The cinematography by Michael Simmonds is good. He has managed to not only showcase the locales in a way that you will feel have an eerie feeling, but he has also gotten the lighting very perfectly. As it’s a horror flick and most of the scenes are happening in the dark, there is hardly any scene where you’re unable to comprehend as to what’s happening when. The usage of lights was very nicely done.

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Tim Alverson’s editing was good. He managed to keep the film crisp and not exceed more than 2 hours. With a weak storyline, had the film been even longer, it would have made you lose total interest in what’s going to happen in the climax.

David Wingo and Amman Abbasi’s music isn’t something to be wowed about. It’s just about okay. Even if you’re watching with noise cancelling earphones, the background score doesn’t give you that scary haunted feeling. The film missed out a lot here as with some great background score, scenes which weren’t even that scary could have been made to feel very fearful.

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‘The Exorcist: Believer’: Cast & Crew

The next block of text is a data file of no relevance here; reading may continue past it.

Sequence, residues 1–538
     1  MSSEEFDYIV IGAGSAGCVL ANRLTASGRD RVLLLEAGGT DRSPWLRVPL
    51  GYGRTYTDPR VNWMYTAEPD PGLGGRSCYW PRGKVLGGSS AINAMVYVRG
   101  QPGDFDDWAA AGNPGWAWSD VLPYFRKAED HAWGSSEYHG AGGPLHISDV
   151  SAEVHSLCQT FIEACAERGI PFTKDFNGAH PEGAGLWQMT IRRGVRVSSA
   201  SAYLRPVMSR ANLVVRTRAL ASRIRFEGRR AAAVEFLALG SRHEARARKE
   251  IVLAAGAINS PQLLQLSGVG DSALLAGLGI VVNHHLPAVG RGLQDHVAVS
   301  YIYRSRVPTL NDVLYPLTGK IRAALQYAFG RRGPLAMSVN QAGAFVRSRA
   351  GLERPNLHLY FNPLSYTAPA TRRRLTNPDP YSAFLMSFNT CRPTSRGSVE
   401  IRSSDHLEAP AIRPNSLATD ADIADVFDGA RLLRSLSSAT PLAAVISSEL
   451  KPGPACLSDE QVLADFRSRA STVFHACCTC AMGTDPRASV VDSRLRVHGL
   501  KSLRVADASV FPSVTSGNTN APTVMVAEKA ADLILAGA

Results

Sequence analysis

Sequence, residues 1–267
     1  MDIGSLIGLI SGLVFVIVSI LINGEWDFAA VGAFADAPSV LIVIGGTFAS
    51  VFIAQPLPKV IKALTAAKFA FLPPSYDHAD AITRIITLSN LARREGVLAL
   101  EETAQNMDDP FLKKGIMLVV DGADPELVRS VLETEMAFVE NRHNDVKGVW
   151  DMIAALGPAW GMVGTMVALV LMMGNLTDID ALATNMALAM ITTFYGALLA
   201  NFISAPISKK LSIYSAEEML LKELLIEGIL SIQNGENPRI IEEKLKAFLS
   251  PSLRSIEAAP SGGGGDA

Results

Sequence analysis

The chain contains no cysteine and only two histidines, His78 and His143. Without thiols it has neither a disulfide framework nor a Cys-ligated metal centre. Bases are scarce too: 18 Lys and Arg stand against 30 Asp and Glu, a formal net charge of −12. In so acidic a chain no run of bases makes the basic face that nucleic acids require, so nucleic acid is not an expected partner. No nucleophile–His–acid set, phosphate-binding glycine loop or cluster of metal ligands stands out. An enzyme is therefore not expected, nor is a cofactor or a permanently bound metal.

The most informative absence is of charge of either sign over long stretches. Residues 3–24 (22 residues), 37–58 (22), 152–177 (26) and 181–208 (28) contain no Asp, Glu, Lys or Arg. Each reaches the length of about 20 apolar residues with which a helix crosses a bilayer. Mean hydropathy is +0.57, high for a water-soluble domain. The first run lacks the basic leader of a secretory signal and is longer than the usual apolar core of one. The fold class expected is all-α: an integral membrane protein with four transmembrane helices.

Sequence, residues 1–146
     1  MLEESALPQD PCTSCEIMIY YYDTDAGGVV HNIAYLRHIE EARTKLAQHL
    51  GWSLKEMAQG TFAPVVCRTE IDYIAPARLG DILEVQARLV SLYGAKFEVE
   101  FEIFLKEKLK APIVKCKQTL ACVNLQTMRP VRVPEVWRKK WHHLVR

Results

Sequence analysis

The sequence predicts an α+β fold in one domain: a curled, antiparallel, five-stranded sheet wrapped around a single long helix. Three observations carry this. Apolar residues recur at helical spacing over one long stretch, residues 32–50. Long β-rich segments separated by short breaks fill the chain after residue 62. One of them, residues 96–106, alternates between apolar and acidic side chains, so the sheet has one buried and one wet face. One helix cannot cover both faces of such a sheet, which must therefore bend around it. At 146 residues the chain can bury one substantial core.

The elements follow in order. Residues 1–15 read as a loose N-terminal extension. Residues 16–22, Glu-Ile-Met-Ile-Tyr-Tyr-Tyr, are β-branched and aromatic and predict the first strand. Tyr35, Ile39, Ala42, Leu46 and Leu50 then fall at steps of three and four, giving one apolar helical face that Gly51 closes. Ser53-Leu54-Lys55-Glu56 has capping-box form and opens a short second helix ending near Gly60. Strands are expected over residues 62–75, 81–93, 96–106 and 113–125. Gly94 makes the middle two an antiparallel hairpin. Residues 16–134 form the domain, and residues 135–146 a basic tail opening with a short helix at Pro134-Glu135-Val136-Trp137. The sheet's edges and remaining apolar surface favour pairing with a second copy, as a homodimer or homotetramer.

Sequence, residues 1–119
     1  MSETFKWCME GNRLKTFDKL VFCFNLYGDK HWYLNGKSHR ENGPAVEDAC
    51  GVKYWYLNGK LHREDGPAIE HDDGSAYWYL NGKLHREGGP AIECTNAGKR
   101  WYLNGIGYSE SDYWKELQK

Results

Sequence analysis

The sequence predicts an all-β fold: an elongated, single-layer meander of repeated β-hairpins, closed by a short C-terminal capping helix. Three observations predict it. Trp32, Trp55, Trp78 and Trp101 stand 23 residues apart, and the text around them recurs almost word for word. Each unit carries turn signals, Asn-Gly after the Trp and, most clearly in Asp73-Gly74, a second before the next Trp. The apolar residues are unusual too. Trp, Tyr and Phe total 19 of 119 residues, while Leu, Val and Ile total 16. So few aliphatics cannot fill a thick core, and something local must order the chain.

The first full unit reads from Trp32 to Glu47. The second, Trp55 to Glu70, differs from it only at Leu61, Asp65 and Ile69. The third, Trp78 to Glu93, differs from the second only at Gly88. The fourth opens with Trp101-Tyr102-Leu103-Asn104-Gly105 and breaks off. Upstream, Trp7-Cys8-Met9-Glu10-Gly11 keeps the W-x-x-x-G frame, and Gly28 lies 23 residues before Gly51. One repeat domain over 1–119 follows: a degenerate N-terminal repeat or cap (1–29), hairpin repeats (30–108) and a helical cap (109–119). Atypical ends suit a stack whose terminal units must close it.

Director: David Gordon Green

Cast: Leslie Odom Jr., Lidya Jewett, Olivia O’Neill, Jennifer Nettles, Norbert Leo Butz, Raphael Sbarge, Okwui Okpokwasili, Danny McCarthy, EJ Bonilla, Linda Blair, Ann Dowd, Ellen Burstyn, Tracey Graves, Celeste Oliva, Lize Johnston

Available On: BookMyShow Stream, JioCinema, Amazon Prime Video, Zee5, Apple TV+

Duration: 1 Hour 51 Minutes

‘The Exorcist: Believer’: Can Kids Watch It?

Yes

Outlook’s Verdict

‘The Exorcist: Believer’ isn’t as good as the 1973 film, which is technically a direct prequel of this film. The performances of the two young girls definitely save the film. Besides that, it’s not that scary at all. Overall, it’s just about an Average film. I am going with 2.5 stars.